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  • Welcoming the stranger? Rethinking our language of hospitality

    Rehwaldt, Jeremy (Evangelical Lutheran Church in America, 2019)
    How can we reframe our language and experiences to create a community of justice and welcome? In this essay, the author looks at Christians across the rural Midwest to explore questions of immigration and what hospitality can look like in everyday life.
  • A pastoral reflection of congregational response during a family separation crisis

    Lynn, Jonathan “JJ” (Evangelical Lutheran Church in America, 2019)
    What are some of the issues that arise when a congregation member is affected by deportation? In this article, a pastor describes a church’s response when one of their own experiences a family separation – including raising legal fees, money for travel, and having representation at court. Using scripture as well as pastoral experience, the author discusses how a congregation spanning the political spectrum responded to an immigration issue in their midst.
  • Learning from the Barmen Declaration of 1934 : theological-ethical-political commentary

    Nessan, Craig L. (Evangelical Lutheran Church in America, 2019)
    What can the Barmen Declaration teach us about theological, ethical, and political implications for the political responsibility of Christians in response to the flight, migration, and integration of displaced persons also in our own time? This essay examines each of the six articles of the Barmen Declaration using a contemporary theological-ethical-political lens.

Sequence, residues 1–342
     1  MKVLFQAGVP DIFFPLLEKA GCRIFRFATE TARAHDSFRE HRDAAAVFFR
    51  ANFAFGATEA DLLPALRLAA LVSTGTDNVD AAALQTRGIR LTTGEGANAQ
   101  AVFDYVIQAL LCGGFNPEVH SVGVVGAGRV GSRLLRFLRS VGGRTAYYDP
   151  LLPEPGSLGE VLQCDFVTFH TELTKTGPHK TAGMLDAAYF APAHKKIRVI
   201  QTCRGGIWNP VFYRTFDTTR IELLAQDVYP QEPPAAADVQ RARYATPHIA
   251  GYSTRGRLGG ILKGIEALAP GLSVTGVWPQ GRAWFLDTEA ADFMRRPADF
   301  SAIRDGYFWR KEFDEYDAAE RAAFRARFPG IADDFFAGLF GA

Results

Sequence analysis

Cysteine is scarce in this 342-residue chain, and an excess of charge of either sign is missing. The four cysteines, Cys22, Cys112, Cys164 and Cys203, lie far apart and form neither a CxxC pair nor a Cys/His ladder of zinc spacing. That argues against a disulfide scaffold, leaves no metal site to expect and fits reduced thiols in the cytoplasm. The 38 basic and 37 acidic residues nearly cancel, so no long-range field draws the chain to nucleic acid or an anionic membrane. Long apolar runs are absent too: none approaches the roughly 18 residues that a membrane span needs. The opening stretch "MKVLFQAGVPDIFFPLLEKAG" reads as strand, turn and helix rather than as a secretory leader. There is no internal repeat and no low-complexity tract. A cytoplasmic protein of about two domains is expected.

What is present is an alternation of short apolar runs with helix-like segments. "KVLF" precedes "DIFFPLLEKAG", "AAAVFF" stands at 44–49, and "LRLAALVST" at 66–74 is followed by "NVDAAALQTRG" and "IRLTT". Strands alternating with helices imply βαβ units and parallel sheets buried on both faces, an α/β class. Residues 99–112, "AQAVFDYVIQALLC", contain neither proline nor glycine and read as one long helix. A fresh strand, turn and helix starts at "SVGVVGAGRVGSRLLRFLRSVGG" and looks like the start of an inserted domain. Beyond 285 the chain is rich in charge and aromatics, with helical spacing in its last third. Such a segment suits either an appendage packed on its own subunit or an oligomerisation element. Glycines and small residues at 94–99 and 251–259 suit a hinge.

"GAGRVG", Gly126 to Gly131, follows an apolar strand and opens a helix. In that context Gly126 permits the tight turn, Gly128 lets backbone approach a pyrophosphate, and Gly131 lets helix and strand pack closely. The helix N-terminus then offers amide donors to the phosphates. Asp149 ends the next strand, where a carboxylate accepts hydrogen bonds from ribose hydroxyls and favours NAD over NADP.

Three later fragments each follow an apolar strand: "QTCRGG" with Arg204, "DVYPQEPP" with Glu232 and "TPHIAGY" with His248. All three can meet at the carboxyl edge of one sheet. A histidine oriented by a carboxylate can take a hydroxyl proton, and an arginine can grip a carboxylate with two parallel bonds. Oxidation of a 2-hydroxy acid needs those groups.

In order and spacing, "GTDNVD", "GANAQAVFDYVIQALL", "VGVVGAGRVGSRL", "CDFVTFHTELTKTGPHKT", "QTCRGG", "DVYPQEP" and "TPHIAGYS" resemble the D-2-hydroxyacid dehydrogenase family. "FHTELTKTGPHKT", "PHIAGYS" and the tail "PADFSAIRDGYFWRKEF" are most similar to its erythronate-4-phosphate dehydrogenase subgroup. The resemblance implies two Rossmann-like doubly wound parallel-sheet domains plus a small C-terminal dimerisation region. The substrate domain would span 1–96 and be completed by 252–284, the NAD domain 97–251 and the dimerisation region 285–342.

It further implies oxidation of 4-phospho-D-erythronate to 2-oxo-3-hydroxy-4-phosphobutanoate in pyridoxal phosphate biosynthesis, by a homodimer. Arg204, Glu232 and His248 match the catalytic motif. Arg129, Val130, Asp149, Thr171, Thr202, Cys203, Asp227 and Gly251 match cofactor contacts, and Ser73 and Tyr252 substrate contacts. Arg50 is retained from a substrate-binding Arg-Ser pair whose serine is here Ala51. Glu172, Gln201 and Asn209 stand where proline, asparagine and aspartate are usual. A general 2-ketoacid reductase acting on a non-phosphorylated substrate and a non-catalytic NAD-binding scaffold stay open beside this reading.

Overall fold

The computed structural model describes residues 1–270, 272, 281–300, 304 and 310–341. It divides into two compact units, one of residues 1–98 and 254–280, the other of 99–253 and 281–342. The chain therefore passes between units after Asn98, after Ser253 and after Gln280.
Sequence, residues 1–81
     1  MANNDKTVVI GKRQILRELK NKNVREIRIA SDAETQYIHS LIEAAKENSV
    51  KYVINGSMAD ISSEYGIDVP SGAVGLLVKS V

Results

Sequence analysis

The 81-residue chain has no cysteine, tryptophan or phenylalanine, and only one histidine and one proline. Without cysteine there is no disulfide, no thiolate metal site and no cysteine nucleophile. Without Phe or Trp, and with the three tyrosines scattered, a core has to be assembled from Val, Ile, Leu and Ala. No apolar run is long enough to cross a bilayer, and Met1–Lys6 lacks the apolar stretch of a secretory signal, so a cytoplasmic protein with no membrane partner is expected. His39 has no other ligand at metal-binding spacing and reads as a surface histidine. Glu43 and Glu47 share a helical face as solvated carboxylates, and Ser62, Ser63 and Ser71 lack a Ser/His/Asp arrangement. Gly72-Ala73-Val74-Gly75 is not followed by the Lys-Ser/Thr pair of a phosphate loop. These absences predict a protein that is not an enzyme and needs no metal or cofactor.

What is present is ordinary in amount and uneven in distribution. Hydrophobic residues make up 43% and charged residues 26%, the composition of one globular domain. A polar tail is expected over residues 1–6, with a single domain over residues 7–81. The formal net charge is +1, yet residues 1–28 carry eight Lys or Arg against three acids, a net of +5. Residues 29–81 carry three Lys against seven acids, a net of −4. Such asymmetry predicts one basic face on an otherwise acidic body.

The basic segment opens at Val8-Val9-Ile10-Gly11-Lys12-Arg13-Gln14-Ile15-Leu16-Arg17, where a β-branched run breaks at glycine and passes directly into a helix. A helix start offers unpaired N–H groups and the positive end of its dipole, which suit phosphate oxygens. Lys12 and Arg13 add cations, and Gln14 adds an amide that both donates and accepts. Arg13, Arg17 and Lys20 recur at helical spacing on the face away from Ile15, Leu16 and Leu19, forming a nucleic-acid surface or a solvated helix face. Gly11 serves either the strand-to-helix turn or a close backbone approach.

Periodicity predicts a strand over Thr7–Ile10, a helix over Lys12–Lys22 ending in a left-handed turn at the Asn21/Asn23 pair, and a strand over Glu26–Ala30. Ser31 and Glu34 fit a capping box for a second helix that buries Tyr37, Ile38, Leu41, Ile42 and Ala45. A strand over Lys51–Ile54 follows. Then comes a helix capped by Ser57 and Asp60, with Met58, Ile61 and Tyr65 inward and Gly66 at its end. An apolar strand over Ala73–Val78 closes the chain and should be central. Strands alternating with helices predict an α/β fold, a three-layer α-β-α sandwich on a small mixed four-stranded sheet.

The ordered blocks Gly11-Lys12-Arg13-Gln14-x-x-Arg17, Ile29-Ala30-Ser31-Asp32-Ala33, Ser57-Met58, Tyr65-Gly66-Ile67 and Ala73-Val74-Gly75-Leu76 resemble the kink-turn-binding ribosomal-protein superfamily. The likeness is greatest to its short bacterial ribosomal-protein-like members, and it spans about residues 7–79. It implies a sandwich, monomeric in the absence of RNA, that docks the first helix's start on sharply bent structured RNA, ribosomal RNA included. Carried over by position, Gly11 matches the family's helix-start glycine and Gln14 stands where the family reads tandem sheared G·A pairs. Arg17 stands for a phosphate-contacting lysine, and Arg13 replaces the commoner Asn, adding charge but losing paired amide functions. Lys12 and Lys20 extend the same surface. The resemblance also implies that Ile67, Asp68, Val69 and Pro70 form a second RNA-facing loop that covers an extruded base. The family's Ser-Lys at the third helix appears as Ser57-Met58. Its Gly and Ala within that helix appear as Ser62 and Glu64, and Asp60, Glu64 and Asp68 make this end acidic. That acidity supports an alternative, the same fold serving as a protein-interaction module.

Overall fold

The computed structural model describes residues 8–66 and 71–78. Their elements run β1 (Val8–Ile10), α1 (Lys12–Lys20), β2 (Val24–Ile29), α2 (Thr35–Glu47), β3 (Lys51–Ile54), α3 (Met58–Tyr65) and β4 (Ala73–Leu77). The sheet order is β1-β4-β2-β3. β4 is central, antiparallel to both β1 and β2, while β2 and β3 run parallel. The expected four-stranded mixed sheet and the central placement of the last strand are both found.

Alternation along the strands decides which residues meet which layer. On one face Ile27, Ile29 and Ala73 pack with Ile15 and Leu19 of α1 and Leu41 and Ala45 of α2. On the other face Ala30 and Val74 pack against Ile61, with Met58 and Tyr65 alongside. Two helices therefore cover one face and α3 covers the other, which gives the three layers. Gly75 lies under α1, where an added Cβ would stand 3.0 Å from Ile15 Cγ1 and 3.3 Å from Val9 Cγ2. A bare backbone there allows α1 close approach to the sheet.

• Faith, science, and climate change building with AND and CHANGE : an invitation to inclusion

    Schmidt, Heather Lee (Evangelical Lutheran Church in America, 2020)
    "Sitting down on a cold winter afternoon with my dog vying for the larger portion of the couch at my side, I glance at the theme of this issue of the Journal of Lutheran Ethics: Faith, Science, and Climate Change. Being committed to the Christian contemplative practice of lectio divina, I am always listening-- listening for a word or a phrase that catches me and invites me to go deeper. God uses this invitation to build me and all things. I am most drawn, most compelled not by the words “Faith,” “Science,” or “Climate,” but by the words “and” and “Change.” Truth, as I hear it, as I see it, is that God is at work in all things! And is the operative word that I hear today. Faith builds a house. Science builds a house. My neighbor builds a house. The bird builds a house. The bee builds a house. The doctor builds a house, and so does the musician. And, and, and…God is the builder of all. Everything is included in the house of God, the builder of all things."
  • Considering global warming as a hyperobject with definitive presence

    Trozzo, Eric (Evangelical Lutheran Church in America, 2020)
    "The mid-day skies darkened as an acrid-smelling cloud of haze rolled in over the city of Kota Kinabalu this past September. The haze is generated by the burning of rainforests in the region, particularly in Borneo and Sumatra. The burning is done primarily by farmers clearing the land for agricultural use, particularly planting oil palm trees. As highlighted by a recent CNN Special Report, these fires not only destroy the jungles and fill the air with pollution, they also destroy the underlying peatlands, which are the earth’s largest terrestrial carbon sink. Meanwhile, between August and October 2019 the Borneo fires alone released 626 megatons of carbon dioxide. These fires, then, not only deforest an ancient rainforest, they are also intimately linked to issues of global warming. Yet they are not global warming itself. They are a visible component of a complex system of land use, commercial interest, economic systems, and environmental issues, to name but a few elements. Together, the fires are a component of the larger phenomenon that goes under the name 'global warming.'"

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